The Writer’s Guild Strike Is Already Affecting Television

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The Writer’s Guild of America has begun their strike and TV programs are already seeing some repercussions. Now, late-night television shows are set to go dark immediately.

The Writer’s Guild of America announced that they have set Tuesday, May 2nd, as the first day of their strike if their requests aren’t met. The WGA made the call early Tuesday morning that the strike has begun. Now, late-night shows feel the first blows as they are daily shows as opposed to scripted series that are filmed in advance.

Shows that are no longer airing during this time include The Late Show with Stephen Colbert, Jimmy Kimmel Live! and The Tonight Show Starring Jimmy Fallon. Shows that air weekly instead of daily like Saturday Night Live, Real Time with Bill Maher and Last Week Tonight with John Oliver will be impacted as well. The two HBO shows have announced that they will be shutting down. SNL‘s decision is expected to come later in the week.

Support For The Strike

Kimmel and Colbert, are relieving the writer’s strike they witnessed about 15 years ago. Oliver was on The Daily Show and Meyers was at Saturday Night Live during the last strike. According to Deadline, when asked about the strike this year, Meyers makes his stance very clear. “No one is entitled to a job in show business,” he said. “But for those people who have a job, they are entitled to fair compensation. They are entitled to make a living. I think it’s a very reasonable demand that’s being set out by the guild. And I support those demands.”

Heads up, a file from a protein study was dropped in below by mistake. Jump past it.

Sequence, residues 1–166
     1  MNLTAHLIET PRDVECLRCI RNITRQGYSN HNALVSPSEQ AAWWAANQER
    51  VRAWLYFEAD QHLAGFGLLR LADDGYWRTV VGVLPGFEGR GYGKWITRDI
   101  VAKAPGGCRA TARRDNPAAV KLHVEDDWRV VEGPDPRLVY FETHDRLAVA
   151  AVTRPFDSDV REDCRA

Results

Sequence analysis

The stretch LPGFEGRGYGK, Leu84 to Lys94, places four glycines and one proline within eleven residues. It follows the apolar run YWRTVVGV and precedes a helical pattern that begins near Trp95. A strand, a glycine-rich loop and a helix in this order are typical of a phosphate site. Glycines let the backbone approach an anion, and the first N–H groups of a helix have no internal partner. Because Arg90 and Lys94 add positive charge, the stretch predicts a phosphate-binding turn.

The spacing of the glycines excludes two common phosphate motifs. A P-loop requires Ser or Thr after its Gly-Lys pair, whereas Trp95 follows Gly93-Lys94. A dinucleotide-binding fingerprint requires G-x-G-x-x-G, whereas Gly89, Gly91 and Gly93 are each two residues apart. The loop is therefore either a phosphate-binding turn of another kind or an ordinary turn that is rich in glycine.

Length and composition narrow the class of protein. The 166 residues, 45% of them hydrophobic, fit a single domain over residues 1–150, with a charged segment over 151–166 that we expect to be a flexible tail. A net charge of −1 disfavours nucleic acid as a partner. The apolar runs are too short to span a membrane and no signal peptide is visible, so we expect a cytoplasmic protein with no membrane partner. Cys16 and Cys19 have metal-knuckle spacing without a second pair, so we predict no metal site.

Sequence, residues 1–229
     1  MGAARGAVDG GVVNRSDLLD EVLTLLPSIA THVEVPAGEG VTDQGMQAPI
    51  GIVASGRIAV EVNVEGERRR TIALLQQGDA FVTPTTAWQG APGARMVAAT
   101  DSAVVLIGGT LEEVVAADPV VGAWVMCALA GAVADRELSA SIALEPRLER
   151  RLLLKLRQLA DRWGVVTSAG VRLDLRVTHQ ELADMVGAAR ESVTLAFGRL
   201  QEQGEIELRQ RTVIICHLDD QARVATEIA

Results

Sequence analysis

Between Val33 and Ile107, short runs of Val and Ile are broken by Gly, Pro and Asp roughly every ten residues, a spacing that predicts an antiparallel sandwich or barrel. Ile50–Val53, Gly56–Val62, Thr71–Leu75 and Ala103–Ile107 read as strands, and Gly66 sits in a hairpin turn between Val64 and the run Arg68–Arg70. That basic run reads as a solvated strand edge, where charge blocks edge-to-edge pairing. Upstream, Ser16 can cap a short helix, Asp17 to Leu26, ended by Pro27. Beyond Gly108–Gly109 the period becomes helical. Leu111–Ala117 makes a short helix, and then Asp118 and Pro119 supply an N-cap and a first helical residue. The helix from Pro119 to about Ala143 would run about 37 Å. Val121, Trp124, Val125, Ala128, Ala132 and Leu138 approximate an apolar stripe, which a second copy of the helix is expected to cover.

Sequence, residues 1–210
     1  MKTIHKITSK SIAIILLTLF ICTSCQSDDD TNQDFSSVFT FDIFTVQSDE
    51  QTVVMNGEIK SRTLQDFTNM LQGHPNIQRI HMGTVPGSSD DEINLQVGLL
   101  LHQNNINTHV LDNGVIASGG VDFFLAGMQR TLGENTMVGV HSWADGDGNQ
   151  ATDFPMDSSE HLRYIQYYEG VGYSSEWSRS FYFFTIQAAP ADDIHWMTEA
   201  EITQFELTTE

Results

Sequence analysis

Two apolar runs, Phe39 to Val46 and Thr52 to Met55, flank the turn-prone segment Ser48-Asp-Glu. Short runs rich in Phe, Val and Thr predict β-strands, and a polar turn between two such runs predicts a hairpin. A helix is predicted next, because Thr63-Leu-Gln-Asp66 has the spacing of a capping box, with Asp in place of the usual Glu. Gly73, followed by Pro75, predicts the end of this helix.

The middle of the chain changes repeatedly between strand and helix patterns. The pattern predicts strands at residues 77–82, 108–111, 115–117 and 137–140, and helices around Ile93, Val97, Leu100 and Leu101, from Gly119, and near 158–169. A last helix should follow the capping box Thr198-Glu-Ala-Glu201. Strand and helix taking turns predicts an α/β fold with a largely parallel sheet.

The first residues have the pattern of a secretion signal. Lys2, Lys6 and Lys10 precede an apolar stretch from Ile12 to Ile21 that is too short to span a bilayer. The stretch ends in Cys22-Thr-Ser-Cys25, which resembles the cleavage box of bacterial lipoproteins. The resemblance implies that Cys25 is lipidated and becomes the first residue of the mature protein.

One main issue that the Writer’s Guild has with Hollywood studios centers late-night shows on streaming. Currently, writers who work on “comedy variety programs made for new media,” do not qualify for MBA minimums. This is an issue the WGA has been fighting for.

In contrast to the last writer’s strike, late-night showrunners plan to have a united front on the issue. One showrunner says that its important for writers to get paid but there has to be a middle ground. “We’ve got to support the writers — our writers are amazing. That said, the rest of the staff is amazing, and I don’t want to see anybody lose their jobs or lose a paycheck. What’s the happy medium there? Figuring that out, it’s not been easy.”